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Priest convinced crosses shown on site were stolen from church
Anchorage Daily News


February 07, 2007
Wednesday AM

A priest didn't expect to see his processional cross again after it was stolen from his church in the middle of the night more than two weeks ago.

Then the Rev. Bob Young of Holy Spirit Episcopal Church in Eagle River, Alaska, was directed to a Web page. On the site, a bare-chested teenager posed with a handgun among drifting marijuana bongs. In his other hand, the youth held a cross that Young instantly recognized. When the priest looked closer, he saw the boy also was wearing a cross necklace he wore while leading Sunday Mass.

"Oh, jeepers," the 65-year-old priest said in a telephone interview.

Police say it's not the first time they've found clues on MySpace - teenagers are increasingly using the Web site to brag about their exploits.

Moisae Martushev, 18, appeared in an Anchorage court last week, charged with 34 counts of burglary, theft and criminal mischief. He and three others are accused of breaking into a string of churches.

While police can't prove the items Martushev is posing with on his MySpace page belong to the church - they haven't yet recovered the objects - for Young there is no question.

The disappearance of the processional cross caused much angst for the church. The cross was more than a symbol of God - it was also a symbol of perseverance for the Eagle River church. It was one of only a few objects that had survived two fires at Holy Spirit Episcopal.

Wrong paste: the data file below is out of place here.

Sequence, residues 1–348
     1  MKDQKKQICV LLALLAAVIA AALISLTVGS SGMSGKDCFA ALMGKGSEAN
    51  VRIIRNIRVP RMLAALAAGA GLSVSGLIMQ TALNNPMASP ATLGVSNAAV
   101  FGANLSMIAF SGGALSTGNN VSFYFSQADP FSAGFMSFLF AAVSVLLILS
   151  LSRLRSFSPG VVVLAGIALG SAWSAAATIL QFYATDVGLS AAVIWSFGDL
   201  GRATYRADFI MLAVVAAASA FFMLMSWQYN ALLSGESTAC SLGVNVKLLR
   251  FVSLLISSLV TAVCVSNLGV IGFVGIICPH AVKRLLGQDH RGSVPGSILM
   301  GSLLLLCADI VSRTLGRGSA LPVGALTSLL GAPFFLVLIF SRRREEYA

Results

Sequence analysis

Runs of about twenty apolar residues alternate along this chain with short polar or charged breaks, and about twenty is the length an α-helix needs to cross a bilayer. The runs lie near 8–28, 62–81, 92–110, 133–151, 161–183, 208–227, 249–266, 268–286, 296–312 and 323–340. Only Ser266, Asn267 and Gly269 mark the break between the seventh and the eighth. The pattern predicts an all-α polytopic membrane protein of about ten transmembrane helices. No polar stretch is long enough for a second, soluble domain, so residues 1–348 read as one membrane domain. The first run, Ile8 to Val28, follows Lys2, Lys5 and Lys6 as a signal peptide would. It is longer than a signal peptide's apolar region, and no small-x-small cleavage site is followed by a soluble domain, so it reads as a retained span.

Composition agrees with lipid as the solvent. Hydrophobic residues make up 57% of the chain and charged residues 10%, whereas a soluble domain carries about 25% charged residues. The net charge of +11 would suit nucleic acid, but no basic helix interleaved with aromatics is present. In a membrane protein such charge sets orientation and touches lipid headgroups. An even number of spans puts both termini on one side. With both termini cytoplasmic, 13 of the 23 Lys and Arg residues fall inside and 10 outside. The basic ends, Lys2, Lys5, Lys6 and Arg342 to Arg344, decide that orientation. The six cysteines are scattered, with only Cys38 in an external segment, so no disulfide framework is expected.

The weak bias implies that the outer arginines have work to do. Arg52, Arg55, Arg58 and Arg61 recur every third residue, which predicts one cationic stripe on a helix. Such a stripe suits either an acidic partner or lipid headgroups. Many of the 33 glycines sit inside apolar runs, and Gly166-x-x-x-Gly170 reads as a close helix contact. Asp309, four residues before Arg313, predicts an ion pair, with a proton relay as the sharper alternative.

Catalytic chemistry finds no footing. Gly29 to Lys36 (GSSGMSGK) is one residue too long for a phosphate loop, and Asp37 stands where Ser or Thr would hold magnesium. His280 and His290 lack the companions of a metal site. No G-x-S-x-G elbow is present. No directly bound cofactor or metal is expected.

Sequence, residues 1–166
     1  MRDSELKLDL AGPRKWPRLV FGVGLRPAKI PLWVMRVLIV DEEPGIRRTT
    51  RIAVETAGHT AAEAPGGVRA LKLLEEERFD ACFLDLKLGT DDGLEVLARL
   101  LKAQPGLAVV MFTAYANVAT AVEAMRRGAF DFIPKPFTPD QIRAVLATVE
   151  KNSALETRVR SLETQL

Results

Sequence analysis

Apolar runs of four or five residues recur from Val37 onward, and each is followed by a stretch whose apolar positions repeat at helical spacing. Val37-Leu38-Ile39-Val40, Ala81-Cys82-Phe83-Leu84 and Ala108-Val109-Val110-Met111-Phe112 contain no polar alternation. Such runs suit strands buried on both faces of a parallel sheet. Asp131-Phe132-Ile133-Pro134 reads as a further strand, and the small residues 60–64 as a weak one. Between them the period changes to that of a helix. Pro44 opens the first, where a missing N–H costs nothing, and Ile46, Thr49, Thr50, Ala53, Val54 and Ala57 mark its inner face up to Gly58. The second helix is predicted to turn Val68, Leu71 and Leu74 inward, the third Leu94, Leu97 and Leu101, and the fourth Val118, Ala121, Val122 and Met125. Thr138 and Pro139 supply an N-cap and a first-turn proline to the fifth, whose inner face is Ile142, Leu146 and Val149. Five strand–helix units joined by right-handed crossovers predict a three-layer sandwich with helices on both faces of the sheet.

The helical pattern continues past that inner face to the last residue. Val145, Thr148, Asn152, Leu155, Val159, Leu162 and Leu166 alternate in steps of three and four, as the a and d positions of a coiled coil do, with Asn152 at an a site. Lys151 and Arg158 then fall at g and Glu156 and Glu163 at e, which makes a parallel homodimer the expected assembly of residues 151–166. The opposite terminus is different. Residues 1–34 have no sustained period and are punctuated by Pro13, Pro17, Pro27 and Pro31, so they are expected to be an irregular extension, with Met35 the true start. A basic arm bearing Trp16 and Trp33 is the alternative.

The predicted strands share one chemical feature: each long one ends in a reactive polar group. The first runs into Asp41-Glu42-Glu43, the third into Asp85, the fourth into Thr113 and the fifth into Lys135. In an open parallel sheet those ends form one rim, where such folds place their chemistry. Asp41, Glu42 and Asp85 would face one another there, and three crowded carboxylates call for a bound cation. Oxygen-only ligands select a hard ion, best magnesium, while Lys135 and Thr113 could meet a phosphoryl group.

Then, in early January, Young discovered that the church had been broken into. Doors were busted, a fire extinguisher had been sprayed around and the offices were ransacked. Two dollars - the only money in the church - was stolen. Days later, thieves pilfered the processional cross from the sanctuary behind the altar and took Young's necklace cross from his desk.

Looking to steal money is one thing, Young said, but crosses?

"Some of us thought they may be into satanic worship," he said.

The congregation prayed for the thieves.

When a reporter directed Young to Martushev's page this week, the priest's dial-up Internet connection took half an hour to bring up the link. Loud music and nasty lyrics boomed from the computer's speakers.

"Well, I'll be darned," he said as the images slowly appeared.

Marijuana pipes swam around the page - although Young didn't know that's what they were. Photos of provocatively dressed women from other MySpace pages are listed as Martushev's friends.

Police discovered the site after a tipster called it in, and they arrested Martushev after he tried to pawn some of the other items stolen from churches.


Megan Holland can be reached at mrholland(at)
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